The return of feudalism
Has feudalism returned to the United Kingdom? At first this seems an absurd question. We no longer have fealty to some lord or other and neither do we have a duty to drop everything and go off and fight. We are no longer required to labour for so many days a year for no pay and we are free to leave our work or home and go to another town or work for another employer. Those aspects of feudalism are therefore no more and we no longer see serfs or villeins. I want to argue however, that a form of feudalism – which I shall call ‘neo-feudalism’ – is creeping back into society and its effects are just as harmful as they ever were.
We need to start with what exactly is feudalism and we do encounter a problem straightaway. There are a number of different definitions and even some who question whether it ever really existed. But for our purposes its key features in the UK were that someone owed a fealty to a lord of some kind in return for protection. In the early centuries of the millennium the risk of attack was a real one so the protection afforded by such a system was a tangible benefit.
It was however more than that and meant that there was no freedom of movement for the individual. They were tied to the lord who controlled his life in many ways including dispensing justice. It was a requirement to work on the lord’s land for part of the year and to give up a proportion of the crop. Clearly, as we’ve said, this no longer exists and so feudalism as it existed in the middle ages no longer exists.
Elements of feudalism
My approach is to look at the elements of feudalism. If we start with power, ultimately it lay with the king who devolved it to the barons who were in turn required to be loyal and provide soldiers in case of war. Land was given in return for this loyalty known as a fief. Those at the bottom of the system had few rights. The legal system, such as it was, was run by the same lords and barons. Serfs had to give a proportion of their crop to the lord and to work so many days in his fields or provide other service.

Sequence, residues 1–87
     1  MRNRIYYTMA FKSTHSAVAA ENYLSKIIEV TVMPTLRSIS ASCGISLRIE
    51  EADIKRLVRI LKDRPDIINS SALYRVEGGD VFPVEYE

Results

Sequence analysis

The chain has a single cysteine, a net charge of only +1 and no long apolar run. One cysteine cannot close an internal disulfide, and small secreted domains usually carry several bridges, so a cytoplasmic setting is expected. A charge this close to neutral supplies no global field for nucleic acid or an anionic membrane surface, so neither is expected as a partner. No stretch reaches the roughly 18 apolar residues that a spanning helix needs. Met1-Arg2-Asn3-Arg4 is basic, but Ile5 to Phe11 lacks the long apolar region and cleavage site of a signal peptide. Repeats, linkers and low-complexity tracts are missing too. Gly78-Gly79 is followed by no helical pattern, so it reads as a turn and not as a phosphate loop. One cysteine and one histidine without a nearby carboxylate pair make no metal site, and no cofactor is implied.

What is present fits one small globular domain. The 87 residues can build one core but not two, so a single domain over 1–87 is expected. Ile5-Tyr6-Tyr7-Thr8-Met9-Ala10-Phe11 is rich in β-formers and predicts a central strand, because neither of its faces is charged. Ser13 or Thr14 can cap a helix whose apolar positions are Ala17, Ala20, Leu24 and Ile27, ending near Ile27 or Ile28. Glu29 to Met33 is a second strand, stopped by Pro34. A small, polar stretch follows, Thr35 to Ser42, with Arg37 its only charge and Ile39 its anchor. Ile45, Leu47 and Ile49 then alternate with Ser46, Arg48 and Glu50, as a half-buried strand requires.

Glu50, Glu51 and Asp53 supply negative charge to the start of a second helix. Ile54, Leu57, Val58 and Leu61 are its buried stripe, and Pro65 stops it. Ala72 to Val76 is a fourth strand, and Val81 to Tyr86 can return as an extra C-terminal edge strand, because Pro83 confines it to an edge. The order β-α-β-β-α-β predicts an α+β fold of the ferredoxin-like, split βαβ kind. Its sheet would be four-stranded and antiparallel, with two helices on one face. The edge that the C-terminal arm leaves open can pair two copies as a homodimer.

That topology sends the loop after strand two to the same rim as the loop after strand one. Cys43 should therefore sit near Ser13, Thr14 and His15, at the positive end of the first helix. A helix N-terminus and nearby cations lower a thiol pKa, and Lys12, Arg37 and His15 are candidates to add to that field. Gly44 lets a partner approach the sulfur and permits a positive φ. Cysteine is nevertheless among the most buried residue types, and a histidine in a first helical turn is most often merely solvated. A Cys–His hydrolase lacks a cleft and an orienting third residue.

The key features were the exercise of power ultimately to the disadvantage of the serf. He was not allowed to travel and enjoyed few rights. Wealth was concentrated in few hands. Information and the spread of knowledge was extremely limited and when attempts were made to translate the Bible into the language of the people, this was vigorously resisted and William Tyndale was hunted down and strangled to death.
As a system it died out in the fifteenth century although elements survived in various countries well into the twentieth, particularly in Russia. Remnants of it were abolished at the time of the French Revolution at the end of the eighteenth century. Interestingly, the term itself was not used at the time it was in place and scholars argue over many aspects of how it operated in practice. The French revolution had a profound effect on the British ruling class and led to increased repression and fear, amounting to paranoia, of insurrection and sedition (Zamoysky, Phantom Terror, William Collins, 2014).
So although we do not have serfs or villeins and we no longer worry about a call from the Queen to do military service, or to spend days bringing in the harvest for the lord of the manor, I want to argue that a kind of shadow feudalism still exists and may even be getting worse.
If we look at power, it is still concentrated in few hands. Considerable amounts of power is held and wielded by what is loosely termed the ‘establishment’. Although there are many arguments about quite what the establishment is, Owen Jones in his book The Establishment and how they get away with it (Allen Lane, 2014) defines it as:
Today’s Establishment is made up – as it has always been – of powerful groups that need to protect their position in a democracy in which almost the entire adult population has the right to vote. The Establishment represents and an attempt on behalf of these groups to ‘manage’ democracy, to make sure that it does not threaten their own interests. In this respect, it might be seen as a firewall that insulates them from the wider population.
He argues that although this establishment is often at odds with itself, what unites them is a common sense that those at the top deserve their power and their ever growing fortunes.
Thus a second aspect of feudalism was the concentration of wealth in few hands. This concentration is increasing all the time and is likely to continue to do so. The forces of globalisation and the reduction in employment rights are just two of the forces driving this increasing divide. The Equality Trust estimates that the richest 10% own 45% of all wealth in the UK and the situation is getting worse.